Bahrain GT Festival - Qualifying Report
Who Is Bahrain’s Sexiest GT Driver?

First Qualifying Session
The GT cars were finally released onto the circuit for the first time at 9:45am this morning (Thursday) for a one hour qualifying session (yes, straight into qualifying). A few final scrutineering hiccups were solved in time for all 48 cars to come out to play.

The first car through was the #35 JMB Ferrari with Belloc at the wheel, closely followed by Patrick Long in the #34 Farnbacher Racing Porsche 911 GT3 RSR.

And it was Long who was first to show real pace, a 2:11 followed by a 2:09, before being bettered by Belloc’s 2:07

Splitting these two early on was the #10 Porsche 935 of Richard Chamberlain with the #66 GT3 Porsche of Cyril Helias and Frank Colas popping up in fourth. Patrick Long then turned up the wick once again and a 2:05 was good enough to put the 911RSR back on top.

The GT1 front runners had yet to emerge: that soon changed as David Brabham howled out of the pitlane in the #8 Coopers Ales Ferrari 550: provisional pole looked likely and the Aussie / Italian combo didn’t disappoint, a 2:03 on its first flying lap would set the standard.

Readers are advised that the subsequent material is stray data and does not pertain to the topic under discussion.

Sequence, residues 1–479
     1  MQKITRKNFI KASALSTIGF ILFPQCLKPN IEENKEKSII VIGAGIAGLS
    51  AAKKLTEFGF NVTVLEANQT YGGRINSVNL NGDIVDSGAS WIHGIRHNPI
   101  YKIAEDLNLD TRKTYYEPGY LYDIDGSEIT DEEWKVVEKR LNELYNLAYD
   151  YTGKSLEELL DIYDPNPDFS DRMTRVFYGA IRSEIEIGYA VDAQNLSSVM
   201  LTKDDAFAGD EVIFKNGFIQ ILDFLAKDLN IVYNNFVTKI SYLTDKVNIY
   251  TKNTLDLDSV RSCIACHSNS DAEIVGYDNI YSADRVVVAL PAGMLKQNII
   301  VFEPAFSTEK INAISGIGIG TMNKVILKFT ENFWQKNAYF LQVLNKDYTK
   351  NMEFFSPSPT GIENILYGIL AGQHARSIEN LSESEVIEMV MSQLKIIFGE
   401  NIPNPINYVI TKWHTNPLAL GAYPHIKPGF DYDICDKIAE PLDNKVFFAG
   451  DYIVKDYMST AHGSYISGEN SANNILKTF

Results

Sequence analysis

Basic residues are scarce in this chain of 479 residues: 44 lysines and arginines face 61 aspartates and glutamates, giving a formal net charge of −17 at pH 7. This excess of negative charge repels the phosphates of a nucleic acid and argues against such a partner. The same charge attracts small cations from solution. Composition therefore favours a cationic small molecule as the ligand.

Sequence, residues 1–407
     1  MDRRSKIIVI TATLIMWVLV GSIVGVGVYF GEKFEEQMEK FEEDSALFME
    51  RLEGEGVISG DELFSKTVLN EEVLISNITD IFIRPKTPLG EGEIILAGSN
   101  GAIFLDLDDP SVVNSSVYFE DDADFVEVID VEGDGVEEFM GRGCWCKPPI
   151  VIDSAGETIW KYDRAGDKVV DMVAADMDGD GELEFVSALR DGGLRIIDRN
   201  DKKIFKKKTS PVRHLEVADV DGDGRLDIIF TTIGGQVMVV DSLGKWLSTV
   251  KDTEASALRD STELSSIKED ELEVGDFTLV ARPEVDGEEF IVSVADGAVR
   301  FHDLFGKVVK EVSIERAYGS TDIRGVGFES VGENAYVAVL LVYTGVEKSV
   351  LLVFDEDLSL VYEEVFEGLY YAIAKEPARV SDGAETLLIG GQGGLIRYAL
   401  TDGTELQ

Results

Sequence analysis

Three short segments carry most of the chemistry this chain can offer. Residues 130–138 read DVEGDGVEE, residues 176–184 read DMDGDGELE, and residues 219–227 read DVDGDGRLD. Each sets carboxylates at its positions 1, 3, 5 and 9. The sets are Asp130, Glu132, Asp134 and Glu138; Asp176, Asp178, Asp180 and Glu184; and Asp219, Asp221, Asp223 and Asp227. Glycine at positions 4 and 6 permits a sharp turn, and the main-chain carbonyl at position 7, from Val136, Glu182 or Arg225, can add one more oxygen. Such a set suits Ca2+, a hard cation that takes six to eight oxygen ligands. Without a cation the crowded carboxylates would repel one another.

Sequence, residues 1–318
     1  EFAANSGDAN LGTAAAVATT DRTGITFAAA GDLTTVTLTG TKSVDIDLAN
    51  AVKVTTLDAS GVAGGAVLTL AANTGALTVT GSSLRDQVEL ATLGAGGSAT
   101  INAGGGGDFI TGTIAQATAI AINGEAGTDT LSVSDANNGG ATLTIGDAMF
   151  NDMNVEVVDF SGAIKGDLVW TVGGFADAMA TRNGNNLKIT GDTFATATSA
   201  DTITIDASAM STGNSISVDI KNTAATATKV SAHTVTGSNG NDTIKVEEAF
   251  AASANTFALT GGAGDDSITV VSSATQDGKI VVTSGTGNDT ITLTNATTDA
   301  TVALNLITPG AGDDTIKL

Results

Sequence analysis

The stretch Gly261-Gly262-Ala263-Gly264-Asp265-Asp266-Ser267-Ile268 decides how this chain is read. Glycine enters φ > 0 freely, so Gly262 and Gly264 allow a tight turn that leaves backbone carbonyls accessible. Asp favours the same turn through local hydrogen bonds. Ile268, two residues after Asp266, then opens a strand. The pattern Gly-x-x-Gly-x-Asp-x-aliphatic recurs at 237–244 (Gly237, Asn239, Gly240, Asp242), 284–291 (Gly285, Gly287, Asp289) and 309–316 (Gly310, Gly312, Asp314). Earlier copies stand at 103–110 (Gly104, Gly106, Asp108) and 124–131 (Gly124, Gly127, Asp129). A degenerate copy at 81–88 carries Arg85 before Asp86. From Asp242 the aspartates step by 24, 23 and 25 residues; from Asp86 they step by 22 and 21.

Nigel Greensall was next to improve, the #14 Speedworx Stealth grabbing third with a 2:05, just ahead of the DDO Saleen, Dominic Dupuy getting up to speed with a 2:06.

The drivers were learning the circuit fast and lap times were tumbling. Ian Flux in the #9 Porsche 935 was pushing on, with Martin Short in the Rollcentre Mosler in close attendance, the pair (and a couple of others) going four wide along the start finish straight, kicking up a veritable dust storm as the big GT cars moved off the racing line. “I didn’t realise it was Fluxie,” said Short later, “but he was being very sensible.”